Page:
Blog more: I have been avoiding writing lately. I have lots of writing ideas, but then I get it in my head that I need to pitch these pieces. I get scared and just never write them. I debate putting all of those pieces on to the blog, but then I wonder if it’s worth it for the six people who read the blog. What I am saying is that I am struggling with what is the purpose of writing and the joy it brings me. I am stuck in this cycle that if my writing isn’t going somewhere big it’s not worth it, but that isn’t the kind of writer I want to be. I am thinking about doing a 30-day blog challenge to just make myself write more. Stay tuned.
Day date with Ethan and Annie to Starved Rock: We did this, and it was wonderful. It was a hoooooottttt day, but Annie loved scaling up and down the trails and splashing in the waterfalls. We went early enough that we beat the crowds and were home for a snack and a nap.
Go camping: Haven’t done this yet, but a friend invited me to tag along on a camping trip to Michigan in September so I am planning on that. And, another friend and I are planning a bigger trip in 2019.
Try Bumble Friends: I went on one friend date and talked to a few others, but no lasting connections. I think I am just going to invest more in my current friendships.
Take steps to start a podcast: Nope. Maybe someday.
Make kombucha: Yes! I took a class and have now made three or four batches. I love it, although I am not necessarily experimenting with flavors. I just love ginger so much.
Explore our new neighborhood: Rogers Park is taking some getting used to, but we are liking it so far. This weekend we had brunch at a divey diner that would be a great place for daily coffee and eggs, if I was the kind of person who had a breakfast at a diner ever morning.
Take the water taxi to Chinatown and then get dim sum: One Saturday my friend Katie and I were actually going to do this – I even bought the tickets – but it did not happen. Instead, we drank beers on my friend’s rooftop, which was highly enjoyable. It’s still on the list for the fall.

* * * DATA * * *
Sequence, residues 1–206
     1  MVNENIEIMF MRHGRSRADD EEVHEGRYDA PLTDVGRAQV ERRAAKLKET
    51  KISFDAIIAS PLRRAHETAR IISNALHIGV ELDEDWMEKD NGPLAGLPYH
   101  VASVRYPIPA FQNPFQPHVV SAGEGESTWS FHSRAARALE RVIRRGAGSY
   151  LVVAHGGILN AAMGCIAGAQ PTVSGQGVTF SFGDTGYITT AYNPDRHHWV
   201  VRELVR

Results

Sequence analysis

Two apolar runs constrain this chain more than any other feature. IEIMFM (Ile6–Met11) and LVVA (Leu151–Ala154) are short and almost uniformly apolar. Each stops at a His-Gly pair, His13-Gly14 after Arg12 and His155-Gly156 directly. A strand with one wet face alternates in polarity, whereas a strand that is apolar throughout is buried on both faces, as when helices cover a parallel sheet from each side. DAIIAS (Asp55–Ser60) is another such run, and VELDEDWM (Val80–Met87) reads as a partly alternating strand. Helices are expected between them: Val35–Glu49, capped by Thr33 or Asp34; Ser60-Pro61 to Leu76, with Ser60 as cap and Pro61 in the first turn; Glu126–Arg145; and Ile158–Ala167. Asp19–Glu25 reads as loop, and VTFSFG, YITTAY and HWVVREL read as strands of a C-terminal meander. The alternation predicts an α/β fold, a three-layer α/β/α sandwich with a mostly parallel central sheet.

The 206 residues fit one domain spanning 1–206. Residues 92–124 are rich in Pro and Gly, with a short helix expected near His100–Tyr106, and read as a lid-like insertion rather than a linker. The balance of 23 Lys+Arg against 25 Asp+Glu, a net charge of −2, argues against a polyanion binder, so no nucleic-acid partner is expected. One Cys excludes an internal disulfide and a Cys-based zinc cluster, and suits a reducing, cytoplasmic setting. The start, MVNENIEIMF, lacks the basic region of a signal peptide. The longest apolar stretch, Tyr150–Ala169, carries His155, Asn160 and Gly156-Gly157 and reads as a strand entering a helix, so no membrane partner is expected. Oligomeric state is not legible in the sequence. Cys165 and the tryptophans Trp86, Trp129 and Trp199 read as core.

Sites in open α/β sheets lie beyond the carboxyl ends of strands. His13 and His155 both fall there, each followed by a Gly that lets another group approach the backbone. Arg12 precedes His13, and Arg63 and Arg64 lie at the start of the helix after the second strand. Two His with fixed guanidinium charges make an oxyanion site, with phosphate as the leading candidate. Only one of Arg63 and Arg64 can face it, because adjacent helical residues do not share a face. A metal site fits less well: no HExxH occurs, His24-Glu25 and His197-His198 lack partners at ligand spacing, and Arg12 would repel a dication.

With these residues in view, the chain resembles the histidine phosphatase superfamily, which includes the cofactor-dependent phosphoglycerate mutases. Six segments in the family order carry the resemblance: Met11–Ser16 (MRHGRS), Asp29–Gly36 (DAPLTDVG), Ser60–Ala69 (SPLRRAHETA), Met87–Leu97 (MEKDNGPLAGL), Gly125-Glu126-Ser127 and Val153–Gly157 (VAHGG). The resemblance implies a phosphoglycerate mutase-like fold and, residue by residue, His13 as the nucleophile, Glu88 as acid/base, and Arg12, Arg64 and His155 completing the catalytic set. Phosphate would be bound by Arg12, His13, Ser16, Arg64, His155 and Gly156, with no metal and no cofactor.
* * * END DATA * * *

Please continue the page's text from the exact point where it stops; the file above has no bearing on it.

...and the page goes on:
Swim: I have fallen back in love with swimming, and I actually did some swimming in Lake Michigan this summer. I am working on a piece about that that I hope to sell or share with you all one date.
Other fun things I got to do this summer that were not on the bucket list:
A weekend at a lake house in Wisconsin that included a lot of cheese curds, boating and, of course, Spotted Cow. Annie fell in love with the lake, and now it’s my life goal to have a vacation home in Wisconsin.
Lots of quiet nights with my husband. I made a conscious effort a few months ago to thin my schedule, and I’ve really enjoyed having lazy evenings in which we watch TV and eat homemade ice cream.
A long road trip to South Dakota and Minnesota. I found myself with two free weeks between ending work and starting graduate school, so Annie and I decided to drive to South Dakota. We did the first leg – 13 hours – in one day. In Pierre, I hung out with my nephews, had a mini wedding celebration, enjoyed the quietness of the Rushmore State. I drove to the Twin Cities for a few days where I watched way too much trashy TV and was a live-in nannie for my niece. It was a great break and good family time.
This was a really good summer for me. I didn’t do everything I set out to do, but I am OK with that. Fall is my favorite season, and I will likely have a new bucket list, but I get to go into September with lots of good summer memories. How was your summer? What was your favorite thing about it?
“You want to jump over to the other tube?” my friend asked me.
I shook my head. I was fine just where I was. She shrugged her shoulders, and then as the boat pulled us behind it, she effortlessly moved from one flotation device to the other, a stream of water underneath her.
Recently, I went tubing for the first time in years, maybe decades, while spending the week at a friend’s lake house in Wisconsin. While I was eager to get on the tube, I didn’t have the bravery for anything other than gripping the handles. There were two tubes with two riders a piece, and to add an extra level of excitement, the other three passengers lily-frog leaped from tube to tube. Again, they asked me if I wanted to hop to the other side, but I said no. My body has lost much of its resilience since the last time I tubbed, and I was afraid it wouldn’t make it.
The more we rode and the more comfortable I got on the tube, I realized I probably could make that jump. And, if I fell, the pontoon wasn’t going that fast and I would likely be OK. So, when asked a third time if I wanted to jump to the other tube, I said yes. I hoisted myself up over the other rider on my flotation device, aimed for the handles, and leapt.
This is something I’ve learned about myself: it may take me a bit longer to leap, but in the end, I usually do it. This is true of big life events, like the Peace Corps. I talked about applying for the Peace Corps for nearly two and half years before I finally departed. Also, I had bragged about living in a big city since I was 14, only to actually move to one when I was 29.
Now, I am making another leap. This fall, I am enrolled in a clinical mental health counseling program at Roosevelt University in Chicago and am starting down the path to become a therapist.